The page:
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Vincent_M

Inheriting Static Data Members

4 posts in this topic

I have the following classes in C++:

class CollectionItem {...};

class Collection {...};

 

Collection managers a list of CollectionItem instances. CollectionItem has a char[32] "name" property and a type[32] "type". The name property is meant to be unique for that specific CollectionItem instance while "type" is for grouping, and Collection is only meant to add CollectionItem instances who's "type" meets Collection's "key" char[32].

 

CollectionItem is meant to be an abstract class to be instanced like so:

class Object : public CollectionItem {}; // Object's inherited "type" will be "scene_object"

class PointLight : public CollectionItem {}; // PointLight's inherited "type" will be "scene_pointlight"

class Model : public CollectionItem {}; // Model's inherited "type" will be "scene_model"

 

As you can see all "Object" instances are meant to have the same value for "type", while PointLight instances will have their own group value, etc. The problem is that I'm using a bunch of redundant memory. Each instance of CollectionItem results in an extra 32 bytes of the same string... Thousands of these items can exist at once in some applications. I know that's only 32KB of fluff space per 1024 CollectionItems, but I'd like to cut that down if possible.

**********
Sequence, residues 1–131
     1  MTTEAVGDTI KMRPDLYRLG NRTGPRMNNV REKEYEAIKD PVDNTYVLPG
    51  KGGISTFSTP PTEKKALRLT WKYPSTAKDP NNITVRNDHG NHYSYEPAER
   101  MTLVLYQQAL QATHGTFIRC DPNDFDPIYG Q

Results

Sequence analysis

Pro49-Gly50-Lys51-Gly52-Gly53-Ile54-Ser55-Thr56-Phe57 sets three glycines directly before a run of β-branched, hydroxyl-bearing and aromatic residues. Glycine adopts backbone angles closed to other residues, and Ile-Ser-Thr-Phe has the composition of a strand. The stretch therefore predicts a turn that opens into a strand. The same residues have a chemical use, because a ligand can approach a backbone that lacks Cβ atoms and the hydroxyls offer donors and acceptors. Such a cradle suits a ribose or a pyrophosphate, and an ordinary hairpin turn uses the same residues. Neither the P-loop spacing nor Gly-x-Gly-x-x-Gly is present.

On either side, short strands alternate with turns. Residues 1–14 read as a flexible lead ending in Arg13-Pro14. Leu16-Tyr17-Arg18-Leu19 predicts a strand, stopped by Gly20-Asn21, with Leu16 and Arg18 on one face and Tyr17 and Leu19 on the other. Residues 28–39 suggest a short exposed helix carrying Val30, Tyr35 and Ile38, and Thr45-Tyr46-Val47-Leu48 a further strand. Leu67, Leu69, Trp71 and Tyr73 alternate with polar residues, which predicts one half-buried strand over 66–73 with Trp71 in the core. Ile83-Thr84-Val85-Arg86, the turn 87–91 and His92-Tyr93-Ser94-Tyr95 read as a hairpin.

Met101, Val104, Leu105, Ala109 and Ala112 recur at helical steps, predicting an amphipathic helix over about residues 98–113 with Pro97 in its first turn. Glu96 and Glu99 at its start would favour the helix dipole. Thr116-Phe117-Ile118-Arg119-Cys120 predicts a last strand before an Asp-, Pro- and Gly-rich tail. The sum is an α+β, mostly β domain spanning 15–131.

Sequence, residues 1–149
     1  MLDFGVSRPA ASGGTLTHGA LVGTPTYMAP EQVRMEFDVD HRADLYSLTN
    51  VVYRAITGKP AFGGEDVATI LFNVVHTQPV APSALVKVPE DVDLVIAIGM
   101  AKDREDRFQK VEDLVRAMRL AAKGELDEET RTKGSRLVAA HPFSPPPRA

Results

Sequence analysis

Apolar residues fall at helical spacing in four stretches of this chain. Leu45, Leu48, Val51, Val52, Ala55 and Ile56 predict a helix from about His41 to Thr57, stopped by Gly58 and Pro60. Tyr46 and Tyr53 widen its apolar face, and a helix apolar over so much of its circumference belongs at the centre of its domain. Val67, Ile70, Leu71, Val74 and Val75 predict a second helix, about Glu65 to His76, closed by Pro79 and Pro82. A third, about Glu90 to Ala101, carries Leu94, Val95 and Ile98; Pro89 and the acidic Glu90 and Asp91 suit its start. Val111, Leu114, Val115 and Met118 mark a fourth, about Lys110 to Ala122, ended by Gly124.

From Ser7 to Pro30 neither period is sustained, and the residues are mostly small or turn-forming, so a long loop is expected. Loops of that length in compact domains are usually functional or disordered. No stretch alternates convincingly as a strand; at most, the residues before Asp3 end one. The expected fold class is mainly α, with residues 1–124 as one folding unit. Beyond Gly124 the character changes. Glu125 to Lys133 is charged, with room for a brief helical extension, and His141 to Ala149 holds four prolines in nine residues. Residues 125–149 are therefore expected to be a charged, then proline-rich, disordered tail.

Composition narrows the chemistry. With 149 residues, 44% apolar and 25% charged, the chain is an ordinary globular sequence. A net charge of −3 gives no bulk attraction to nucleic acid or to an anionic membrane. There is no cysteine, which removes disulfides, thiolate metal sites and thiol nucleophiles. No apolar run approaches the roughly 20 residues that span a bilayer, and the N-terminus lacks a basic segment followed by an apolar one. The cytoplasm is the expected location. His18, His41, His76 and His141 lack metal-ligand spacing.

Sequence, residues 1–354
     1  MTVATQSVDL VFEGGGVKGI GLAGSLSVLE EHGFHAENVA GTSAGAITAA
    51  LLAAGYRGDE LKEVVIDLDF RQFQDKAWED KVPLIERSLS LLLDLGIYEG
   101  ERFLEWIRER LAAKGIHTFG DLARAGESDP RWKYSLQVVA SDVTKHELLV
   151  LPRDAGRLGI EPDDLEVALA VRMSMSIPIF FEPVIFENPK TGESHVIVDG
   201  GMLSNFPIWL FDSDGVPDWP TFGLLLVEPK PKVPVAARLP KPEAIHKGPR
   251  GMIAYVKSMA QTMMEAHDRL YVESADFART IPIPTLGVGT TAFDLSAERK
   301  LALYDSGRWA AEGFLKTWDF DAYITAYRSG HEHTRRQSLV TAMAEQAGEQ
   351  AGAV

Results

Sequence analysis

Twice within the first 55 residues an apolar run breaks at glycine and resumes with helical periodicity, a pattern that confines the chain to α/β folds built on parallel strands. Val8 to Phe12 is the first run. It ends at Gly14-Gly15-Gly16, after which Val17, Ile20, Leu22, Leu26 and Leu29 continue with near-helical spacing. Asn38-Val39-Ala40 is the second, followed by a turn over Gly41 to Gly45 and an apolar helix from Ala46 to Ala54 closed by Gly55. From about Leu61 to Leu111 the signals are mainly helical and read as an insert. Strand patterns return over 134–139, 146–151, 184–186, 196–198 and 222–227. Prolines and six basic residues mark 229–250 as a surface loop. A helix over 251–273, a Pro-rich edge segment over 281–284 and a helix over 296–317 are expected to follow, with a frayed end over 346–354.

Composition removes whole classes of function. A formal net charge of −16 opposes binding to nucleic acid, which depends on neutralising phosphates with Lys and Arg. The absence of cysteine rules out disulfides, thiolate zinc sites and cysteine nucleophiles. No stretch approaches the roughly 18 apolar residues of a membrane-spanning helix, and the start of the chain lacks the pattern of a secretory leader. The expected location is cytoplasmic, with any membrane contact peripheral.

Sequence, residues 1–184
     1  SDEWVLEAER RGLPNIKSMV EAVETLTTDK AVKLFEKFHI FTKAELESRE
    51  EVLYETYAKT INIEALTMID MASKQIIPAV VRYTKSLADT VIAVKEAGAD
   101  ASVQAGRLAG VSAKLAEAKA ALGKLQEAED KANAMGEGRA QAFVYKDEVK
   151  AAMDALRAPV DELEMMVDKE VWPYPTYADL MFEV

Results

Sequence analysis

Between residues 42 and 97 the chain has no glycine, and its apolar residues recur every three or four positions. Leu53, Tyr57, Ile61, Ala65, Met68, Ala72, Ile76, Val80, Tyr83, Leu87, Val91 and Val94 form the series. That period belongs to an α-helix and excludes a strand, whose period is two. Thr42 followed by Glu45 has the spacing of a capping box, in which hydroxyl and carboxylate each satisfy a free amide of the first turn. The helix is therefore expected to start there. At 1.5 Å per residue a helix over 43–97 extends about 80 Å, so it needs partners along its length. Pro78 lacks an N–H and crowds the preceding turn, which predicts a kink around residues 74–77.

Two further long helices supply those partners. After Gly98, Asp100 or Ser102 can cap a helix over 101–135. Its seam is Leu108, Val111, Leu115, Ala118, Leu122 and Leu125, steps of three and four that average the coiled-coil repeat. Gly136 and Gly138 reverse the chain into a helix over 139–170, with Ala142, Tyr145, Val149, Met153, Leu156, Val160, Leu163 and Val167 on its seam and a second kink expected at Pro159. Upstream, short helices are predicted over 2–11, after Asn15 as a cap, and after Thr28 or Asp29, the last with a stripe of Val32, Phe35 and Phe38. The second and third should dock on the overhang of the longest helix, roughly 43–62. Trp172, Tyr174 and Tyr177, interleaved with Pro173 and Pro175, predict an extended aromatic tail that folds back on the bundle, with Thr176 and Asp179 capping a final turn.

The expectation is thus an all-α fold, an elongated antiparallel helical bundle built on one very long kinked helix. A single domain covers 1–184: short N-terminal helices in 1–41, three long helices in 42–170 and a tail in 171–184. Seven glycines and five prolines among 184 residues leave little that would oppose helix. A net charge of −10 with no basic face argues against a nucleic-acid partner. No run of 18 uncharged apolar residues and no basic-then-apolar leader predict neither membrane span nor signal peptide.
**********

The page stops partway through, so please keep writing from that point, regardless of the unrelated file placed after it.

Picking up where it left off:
I'd like to make "type" static, and change its value for each class it inherits from. Problem is, inheriting classes don't get their own class-wide copy of that static data member. By design, inherited classes all share their superclass counterpart's static member.

 

I could just declare a static member of char[32] "type" in all subclasses, but Collection isn't going to evaluate subclass versions of "type", it's only going to see CollectionItem's type.

 

Any ideas?

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I'm not sure i understand.  When the object is built only one copy of type is included, and set to the appropriate value.  Each object in your design needs to have this to be recognized.  How is this redundant?

 

If you're concerned about redunant menory, why not just make multiple instances of the collections object and use them to roganize specific entites?

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If you were to change "type" to a pointer, you could take advantage of a compiler optimization called "string pooling."  So, regardless of how many CollectionItem instances you have, there will only be one copy of the string in memory for each derived type.

Edited by shuma-gorath
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Actually, I think Paradigm Shifter has the solution. Sounds so simple, I can't believe I didn't even consider that. Perfect!

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